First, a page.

Hijack!

The hijack of a ship on the British Columbia (BC) coast is a rare possibility, but with all the controversy over oil spills and destruction of coastal rain forests, the possibility is still there for terrorists or others to hijack a ship on the BC coast and hold the government for ransom.

In the rest of the world, piracy, or hijacking of a ship, is not unknown and shipping companies have had to find many ways to keep their ships safe. Speed is one method, but a fully-loaded freighter does not go very fast.

Today, October 17, 2013, a new website for me, Marine Insight, mentioned:

Infographics: Anti-Piracy Weapons Used on Ships

Anti-piracy-infographic

Anti-piracy-infographic

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Shiny New Guest Blogger, Bearing a Letter

Hi all. Our lovely blog master asked if I would make a guest post now and then, and, since the world as I appreciate it is where everyone listens to me, of course I said “yes!”

By way of introduction, I’ll post a letter that I sent to Hon. Mr. Keith Ashfield, Minister of the Department of Fisheries and Oceans, on the topic of Marine Communications and Traffic Services cutbacks. This blog has already posted on this topic, but I thought I would add my voice.

I also sent a copy to my MP Jean Crowder. Ms Crowder responded promptly. She thanked me for my concern, and linked me to a letter her party has already sent on the matter. I have yet to hear back from Hon. Mr. Ashfield, or his office.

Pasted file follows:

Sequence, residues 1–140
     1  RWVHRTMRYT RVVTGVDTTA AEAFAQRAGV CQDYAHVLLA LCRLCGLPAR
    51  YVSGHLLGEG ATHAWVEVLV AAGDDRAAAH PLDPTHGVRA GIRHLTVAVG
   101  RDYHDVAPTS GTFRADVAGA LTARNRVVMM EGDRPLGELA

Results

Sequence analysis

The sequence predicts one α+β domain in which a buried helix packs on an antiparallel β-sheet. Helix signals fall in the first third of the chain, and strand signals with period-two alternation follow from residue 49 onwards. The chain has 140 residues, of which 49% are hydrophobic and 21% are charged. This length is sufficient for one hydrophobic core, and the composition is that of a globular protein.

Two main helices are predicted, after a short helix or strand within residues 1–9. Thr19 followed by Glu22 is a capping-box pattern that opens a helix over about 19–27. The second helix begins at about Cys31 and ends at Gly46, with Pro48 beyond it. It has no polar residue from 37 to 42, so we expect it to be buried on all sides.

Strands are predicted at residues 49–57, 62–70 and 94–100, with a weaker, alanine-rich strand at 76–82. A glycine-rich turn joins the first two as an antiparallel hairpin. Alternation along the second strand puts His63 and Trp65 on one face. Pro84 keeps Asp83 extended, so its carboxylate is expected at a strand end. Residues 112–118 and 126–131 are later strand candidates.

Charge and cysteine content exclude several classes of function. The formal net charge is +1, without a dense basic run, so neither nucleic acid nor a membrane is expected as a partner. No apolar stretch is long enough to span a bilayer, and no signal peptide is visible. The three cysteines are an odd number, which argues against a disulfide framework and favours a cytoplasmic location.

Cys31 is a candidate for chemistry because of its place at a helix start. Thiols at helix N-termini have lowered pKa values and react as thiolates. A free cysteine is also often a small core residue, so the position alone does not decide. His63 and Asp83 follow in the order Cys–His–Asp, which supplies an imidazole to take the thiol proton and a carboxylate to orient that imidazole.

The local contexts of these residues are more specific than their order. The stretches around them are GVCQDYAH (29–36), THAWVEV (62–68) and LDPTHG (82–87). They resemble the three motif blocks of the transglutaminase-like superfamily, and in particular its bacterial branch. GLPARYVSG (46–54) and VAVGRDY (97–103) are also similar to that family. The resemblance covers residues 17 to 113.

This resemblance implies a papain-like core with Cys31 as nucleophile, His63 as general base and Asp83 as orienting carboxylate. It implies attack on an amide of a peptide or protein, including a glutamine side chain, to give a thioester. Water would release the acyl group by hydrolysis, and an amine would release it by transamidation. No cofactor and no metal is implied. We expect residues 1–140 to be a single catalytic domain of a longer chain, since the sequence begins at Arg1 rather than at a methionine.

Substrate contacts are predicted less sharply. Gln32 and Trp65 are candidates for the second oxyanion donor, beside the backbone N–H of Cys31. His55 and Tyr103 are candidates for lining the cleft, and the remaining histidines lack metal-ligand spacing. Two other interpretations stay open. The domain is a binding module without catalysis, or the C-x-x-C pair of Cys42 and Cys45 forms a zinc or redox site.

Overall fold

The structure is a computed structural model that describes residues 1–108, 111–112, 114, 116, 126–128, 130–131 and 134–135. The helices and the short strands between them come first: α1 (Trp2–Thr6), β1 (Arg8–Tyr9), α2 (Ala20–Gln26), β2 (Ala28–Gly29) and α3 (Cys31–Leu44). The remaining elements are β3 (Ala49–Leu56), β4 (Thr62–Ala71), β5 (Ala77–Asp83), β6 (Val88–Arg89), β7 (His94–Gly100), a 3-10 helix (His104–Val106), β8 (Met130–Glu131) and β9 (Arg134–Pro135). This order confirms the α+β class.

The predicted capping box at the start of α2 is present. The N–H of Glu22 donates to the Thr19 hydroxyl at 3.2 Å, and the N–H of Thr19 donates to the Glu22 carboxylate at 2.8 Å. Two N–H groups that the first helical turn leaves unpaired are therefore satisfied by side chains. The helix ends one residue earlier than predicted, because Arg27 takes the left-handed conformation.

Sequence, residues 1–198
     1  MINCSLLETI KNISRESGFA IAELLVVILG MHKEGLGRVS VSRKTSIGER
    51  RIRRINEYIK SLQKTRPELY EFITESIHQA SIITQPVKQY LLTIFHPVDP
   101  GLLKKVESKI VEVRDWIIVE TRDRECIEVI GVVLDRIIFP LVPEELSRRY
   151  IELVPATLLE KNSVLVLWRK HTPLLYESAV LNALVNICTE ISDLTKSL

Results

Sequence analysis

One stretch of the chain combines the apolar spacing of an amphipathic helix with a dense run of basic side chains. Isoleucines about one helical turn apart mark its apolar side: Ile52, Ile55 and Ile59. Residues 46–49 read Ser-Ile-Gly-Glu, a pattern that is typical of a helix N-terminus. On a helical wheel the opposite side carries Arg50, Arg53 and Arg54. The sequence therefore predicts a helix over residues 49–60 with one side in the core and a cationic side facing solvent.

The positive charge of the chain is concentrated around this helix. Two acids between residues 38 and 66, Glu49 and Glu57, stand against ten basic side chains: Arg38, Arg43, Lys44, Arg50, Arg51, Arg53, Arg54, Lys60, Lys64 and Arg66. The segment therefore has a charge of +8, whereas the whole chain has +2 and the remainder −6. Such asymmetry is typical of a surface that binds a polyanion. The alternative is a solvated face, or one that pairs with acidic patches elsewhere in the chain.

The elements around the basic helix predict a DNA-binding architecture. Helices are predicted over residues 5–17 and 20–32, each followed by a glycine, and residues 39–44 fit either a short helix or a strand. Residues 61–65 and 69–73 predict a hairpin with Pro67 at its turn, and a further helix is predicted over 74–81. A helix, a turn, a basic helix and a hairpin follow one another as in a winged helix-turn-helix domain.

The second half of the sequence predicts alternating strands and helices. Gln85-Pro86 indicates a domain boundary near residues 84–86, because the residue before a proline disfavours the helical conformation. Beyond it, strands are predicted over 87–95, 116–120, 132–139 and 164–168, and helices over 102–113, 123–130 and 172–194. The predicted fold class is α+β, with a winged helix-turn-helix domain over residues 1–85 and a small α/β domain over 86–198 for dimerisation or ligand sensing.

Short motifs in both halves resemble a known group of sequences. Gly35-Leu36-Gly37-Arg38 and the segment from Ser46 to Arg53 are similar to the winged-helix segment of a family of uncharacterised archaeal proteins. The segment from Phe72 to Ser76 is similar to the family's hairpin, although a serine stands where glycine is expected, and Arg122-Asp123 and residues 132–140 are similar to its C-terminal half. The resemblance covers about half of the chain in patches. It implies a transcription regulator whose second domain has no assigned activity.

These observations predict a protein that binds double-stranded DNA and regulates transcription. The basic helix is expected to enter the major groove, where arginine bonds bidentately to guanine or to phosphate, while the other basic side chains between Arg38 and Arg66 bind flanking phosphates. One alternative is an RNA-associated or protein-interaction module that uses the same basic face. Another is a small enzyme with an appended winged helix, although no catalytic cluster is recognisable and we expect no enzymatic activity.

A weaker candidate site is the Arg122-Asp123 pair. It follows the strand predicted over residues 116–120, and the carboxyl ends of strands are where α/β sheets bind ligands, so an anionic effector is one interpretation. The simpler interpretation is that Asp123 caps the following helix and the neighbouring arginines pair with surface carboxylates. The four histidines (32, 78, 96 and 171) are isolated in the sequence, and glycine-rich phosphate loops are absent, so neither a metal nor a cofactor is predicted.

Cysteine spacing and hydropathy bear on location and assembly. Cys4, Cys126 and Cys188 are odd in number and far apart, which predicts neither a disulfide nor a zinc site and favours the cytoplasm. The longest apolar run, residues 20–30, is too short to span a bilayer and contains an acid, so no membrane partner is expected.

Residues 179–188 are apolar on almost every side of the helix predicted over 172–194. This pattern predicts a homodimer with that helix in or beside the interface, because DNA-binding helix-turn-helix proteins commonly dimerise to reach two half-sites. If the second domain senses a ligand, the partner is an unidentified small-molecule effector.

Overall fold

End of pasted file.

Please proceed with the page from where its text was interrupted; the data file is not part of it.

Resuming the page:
Dear Hon. Mr Keith Ashfield,

I am writing because I feel very concerned about proposed government cuts to Coast Guard’s Marine Communication and Traffic Services. In an effort to save costs, the Coast Guard has proposed slashing overtime and holiday time for its operators, leaving the BC’s MCTS stations vulnerable to understaffing. Continue reading

MCTS To Lose Staff To Save Money

For those of you that do not know, MCTS (Marine Communications and Traffic Services)  is “the Branch of the Canadian Coast Guard that provides communications and vessel traffic services to the sea-going public”. 

“MCTS monitors for distress radio signals; provides the communications link between vessels in distress and the JRCC/MRSC; sends safety information; handles public communication; and, regulates the flow of vessel traffic in some areas. MCTS is an important link in the SAR system”.

The above is a quote from the official Canadian government website on Maritime Search and Rescue. (about half-way down the page)

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